Florence's winds had dropped from a peak of 140 miles per hour to 105 miles per hour by Thursday, reducing the hurricane from a terrifying Category 4 to a 2.
The fierce winds of Hurricane Florence are weakening as it creeps closer to North Carolina but the impact of the enormous storm will still be catastrophic for millions of people.
Florence was about 170 miles east-southeast of Wilmington, N.C., at 8 a.m. ET Thursday, the National Hurricane Center said.
ADCIRC predicts Florence's winds will cause 9 to 13 feet of storm surge in some areas along the North Carolina coast.
Florence is lashing the state with "heavy rainbands with tropical-storm-force winds spreading across the Outer Banks and Coastal Southeastern North Carolina", the briefing said. Residents should expect to see higher tides than usual on the James and York rivers, as well as possible flooding and beach erosion. "The storm surge forecast associated with this storm has not changed". Vanotteren and his friend Bailey Gaddis said the waves have gotten bigger and better every evening as the storm approaches.
Masters said there's a tug-of-war between two clear-skies high-pressure systems - one off the coast and one over MI.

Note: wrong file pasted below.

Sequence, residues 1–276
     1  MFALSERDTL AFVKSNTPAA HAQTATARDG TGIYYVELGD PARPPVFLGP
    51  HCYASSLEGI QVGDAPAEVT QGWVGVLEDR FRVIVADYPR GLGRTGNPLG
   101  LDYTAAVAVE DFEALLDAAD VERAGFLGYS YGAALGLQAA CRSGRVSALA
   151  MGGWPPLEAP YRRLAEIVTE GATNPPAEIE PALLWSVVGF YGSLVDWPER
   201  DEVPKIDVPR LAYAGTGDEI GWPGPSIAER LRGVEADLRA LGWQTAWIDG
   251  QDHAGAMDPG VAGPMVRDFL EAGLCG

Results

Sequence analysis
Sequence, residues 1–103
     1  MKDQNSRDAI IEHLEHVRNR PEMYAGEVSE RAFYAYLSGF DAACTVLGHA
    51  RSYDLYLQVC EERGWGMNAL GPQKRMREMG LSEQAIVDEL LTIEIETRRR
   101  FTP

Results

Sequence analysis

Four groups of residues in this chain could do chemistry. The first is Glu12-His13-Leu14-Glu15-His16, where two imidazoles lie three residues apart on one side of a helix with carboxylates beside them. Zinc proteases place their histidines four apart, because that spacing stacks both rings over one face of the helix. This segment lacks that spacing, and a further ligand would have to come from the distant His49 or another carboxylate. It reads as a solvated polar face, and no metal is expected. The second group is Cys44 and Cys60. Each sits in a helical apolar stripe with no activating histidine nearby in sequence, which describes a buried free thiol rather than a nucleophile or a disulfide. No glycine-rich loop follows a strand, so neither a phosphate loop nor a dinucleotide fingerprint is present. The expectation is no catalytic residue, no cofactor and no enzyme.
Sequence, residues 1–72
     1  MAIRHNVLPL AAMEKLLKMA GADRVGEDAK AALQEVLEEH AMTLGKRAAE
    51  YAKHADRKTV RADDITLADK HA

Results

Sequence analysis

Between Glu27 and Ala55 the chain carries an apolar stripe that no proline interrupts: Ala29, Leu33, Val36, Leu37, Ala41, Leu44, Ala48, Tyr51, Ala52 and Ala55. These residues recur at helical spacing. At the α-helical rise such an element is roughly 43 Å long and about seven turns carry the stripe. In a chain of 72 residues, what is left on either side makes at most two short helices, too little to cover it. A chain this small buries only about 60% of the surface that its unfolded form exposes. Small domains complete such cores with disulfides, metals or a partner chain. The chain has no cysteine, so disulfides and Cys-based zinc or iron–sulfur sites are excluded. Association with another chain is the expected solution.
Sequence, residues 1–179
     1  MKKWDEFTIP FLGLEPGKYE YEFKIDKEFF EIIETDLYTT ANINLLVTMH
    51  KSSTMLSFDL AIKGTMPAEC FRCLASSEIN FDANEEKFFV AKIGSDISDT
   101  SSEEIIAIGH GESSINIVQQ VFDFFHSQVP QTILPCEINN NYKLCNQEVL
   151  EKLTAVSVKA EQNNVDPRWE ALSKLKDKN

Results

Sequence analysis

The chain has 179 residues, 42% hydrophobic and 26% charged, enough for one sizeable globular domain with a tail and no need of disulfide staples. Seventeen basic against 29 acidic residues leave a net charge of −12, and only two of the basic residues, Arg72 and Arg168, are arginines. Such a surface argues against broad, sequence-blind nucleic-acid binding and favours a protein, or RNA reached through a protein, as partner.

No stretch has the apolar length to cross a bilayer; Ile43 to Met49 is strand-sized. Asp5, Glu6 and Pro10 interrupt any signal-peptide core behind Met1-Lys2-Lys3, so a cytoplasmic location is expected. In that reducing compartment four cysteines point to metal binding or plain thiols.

Calling the storm surge prediction "incredible", Graham said that because Florence will likely nudge its way onto the coast, giving its hurricane winds lots of time to force water inland, he wouldn't be surprised "to see storm surge a mile, a mile and a half inland - maybe even two miles or more, in some cases". But Gov. Larry Hogan said he wouldn't cancel a statewide emergency declaration as the threat of Florence's remnants looms. The agency is also warning people in the evacuation areas to leave stating that "This is not going to be a glancing blow". "We're still going to have a Category 4 storm surge", CNN meteorologist Chad Myers said.
Its surge could cover all but a sliver of the Carolina coast under as much as 11 feet of ocean water, and days of downpours could unload more than 3 feet of rain, touching off severe flooding. The storm's 12-mph speed Thursday morning was a marked drop from Wednesday's 17-mph speeds.
If you want to know more specific information about your area, head to the National Weather Service's social media page, where you can enter your zip code and find your local forecast office.
After landfall, the storm is expected to linger over the area for a few days, which would result in rising river levels and lakes. The surge won't be as bad as it potentially could have been, however, and the winds won't be as strong.
Navarro concluded by emphasizing again that this is a serious life-threatening situation and people need to be evacuating. "Persons located within these areas should take all necessary actions to protect life and property from rising water and the potential for other unsafe conditions", the hurricane center briefing said. On Thursday morning, South 17th Street, usually teeming with commuter traffic by 6:30 a.m., was almost devoid of cars. Cooper said he hopes more shelters will also open today. "It's chilling, even from space".